pounds. Produce a formula that describes how L depends on W.
4. The vanishing elephants. According to one environmental group,
the population of wild elephants declines by 5% per year. If E denotes
the population t years from now, then we can express the decline by a rate
equation of the form

= kE elephants per year.

a) What value would you give k?
b) Suppose there are 200,000 elephants now. Using the rate equations with
your value of k, determine how many elephants there will be in 10 years.
Your answer should be accurate to the nearest 100 elephants. (Remember,
make it clear why you know your answer has that much accuracy!)
c) How many years will it take for the population to be cut in halfto
d) Consider this argument: Since 1/20-th of the population disappears
each year, in 20 years the population will vanish completely. Does your
rate equation predict that the elephant population will vanish in 20 years?
How many elephants does your rate equation predict there will be in 20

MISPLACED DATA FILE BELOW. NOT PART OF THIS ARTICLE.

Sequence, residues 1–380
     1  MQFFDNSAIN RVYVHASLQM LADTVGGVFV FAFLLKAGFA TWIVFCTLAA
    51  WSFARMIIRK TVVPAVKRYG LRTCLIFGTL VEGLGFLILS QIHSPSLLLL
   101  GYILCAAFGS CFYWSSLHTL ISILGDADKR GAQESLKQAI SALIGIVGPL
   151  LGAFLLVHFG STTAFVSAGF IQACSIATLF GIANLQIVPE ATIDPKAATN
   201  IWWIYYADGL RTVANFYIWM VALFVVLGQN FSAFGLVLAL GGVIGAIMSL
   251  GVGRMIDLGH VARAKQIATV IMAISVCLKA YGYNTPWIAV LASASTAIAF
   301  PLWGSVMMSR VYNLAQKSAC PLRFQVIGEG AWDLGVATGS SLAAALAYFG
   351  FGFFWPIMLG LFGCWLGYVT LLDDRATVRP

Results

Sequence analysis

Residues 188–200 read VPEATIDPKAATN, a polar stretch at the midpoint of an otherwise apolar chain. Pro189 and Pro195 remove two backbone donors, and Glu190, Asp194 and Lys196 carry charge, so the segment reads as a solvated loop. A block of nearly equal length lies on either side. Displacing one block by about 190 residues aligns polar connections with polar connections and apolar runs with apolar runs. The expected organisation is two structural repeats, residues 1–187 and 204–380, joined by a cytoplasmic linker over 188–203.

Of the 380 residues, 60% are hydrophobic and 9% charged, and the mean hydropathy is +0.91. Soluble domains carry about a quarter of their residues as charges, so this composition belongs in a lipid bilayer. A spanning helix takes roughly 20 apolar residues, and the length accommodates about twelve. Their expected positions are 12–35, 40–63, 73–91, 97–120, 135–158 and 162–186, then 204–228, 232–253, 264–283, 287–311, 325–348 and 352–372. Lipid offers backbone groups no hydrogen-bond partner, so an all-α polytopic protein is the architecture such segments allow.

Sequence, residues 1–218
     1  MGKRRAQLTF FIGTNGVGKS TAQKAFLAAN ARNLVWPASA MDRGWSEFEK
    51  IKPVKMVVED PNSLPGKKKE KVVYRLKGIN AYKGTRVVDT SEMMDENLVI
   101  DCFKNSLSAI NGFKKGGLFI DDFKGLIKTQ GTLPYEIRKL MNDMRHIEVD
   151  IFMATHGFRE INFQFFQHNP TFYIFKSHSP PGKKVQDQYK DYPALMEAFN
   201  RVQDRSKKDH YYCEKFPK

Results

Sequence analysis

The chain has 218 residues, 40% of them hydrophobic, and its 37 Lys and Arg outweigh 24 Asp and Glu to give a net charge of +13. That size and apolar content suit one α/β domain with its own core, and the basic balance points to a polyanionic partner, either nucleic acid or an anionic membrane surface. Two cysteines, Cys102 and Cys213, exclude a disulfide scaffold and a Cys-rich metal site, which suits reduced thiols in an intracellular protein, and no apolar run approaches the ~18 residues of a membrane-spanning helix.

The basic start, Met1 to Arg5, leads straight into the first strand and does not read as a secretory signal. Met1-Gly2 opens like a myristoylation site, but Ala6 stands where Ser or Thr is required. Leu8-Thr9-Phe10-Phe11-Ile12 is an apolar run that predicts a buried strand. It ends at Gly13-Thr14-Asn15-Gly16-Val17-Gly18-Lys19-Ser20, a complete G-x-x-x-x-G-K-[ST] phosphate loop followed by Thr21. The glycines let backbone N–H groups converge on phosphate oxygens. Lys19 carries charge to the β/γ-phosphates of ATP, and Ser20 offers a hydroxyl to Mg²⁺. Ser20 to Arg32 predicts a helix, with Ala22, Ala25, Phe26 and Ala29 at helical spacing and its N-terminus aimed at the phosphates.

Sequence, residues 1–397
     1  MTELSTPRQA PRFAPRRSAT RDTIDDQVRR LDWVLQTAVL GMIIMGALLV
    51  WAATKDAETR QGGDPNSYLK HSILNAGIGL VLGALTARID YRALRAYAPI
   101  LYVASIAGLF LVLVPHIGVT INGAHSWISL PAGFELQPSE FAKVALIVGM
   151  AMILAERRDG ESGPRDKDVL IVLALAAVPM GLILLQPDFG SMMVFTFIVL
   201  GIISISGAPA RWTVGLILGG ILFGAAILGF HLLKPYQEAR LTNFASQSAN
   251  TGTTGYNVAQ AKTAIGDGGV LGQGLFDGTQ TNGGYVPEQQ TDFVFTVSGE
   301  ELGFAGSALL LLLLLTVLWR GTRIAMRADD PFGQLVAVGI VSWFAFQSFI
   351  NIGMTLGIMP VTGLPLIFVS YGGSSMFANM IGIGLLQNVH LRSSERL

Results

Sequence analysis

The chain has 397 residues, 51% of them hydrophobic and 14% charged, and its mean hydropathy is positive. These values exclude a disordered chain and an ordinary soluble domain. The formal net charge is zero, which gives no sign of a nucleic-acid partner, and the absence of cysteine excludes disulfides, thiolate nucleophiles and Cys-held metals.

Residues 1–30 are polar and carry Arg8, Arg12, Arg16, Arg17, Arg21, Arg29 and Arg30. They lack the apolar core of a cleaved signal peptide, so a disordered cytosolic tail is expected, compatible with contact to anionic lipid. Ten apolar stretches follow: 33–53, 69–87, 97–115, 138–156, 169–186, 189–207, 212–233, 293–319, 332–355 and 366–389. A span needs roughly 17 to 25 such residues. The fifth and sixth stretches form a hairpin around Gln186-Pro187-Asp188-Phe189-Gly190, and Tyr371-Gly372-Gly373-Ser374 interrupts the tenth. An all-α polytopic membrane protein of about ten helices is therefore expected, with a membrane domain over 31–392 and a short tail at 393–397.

years? What, if anything, is wrong with the argument quoted in the rst
5. Predicting the human population. One model for the growth of the
worlds human population uses the rate equation

= .015P
billions of persons per year.
Here P is the population, measured in billions. Right now, P = 5 billion
a) At what rate is the population growing now, in billions of persons per
b) According to this model, what will the population be in 25 years? Make
the value of P exact to 4 decimal places. (At that accuracy, you predict the
size of the population to the nearest million people.)
c) At what rate will the population be growing in 25 years?
6. The eects of scale. When I bake cookies and cut in half all the ingredients
in the recipe, I get about half the number of cookies I would by using the
full recipe. The is called scaling down. The purpose of this question is to
see if the S-I-R model scales down the same way. Use the standard S-I-R
model found in the text: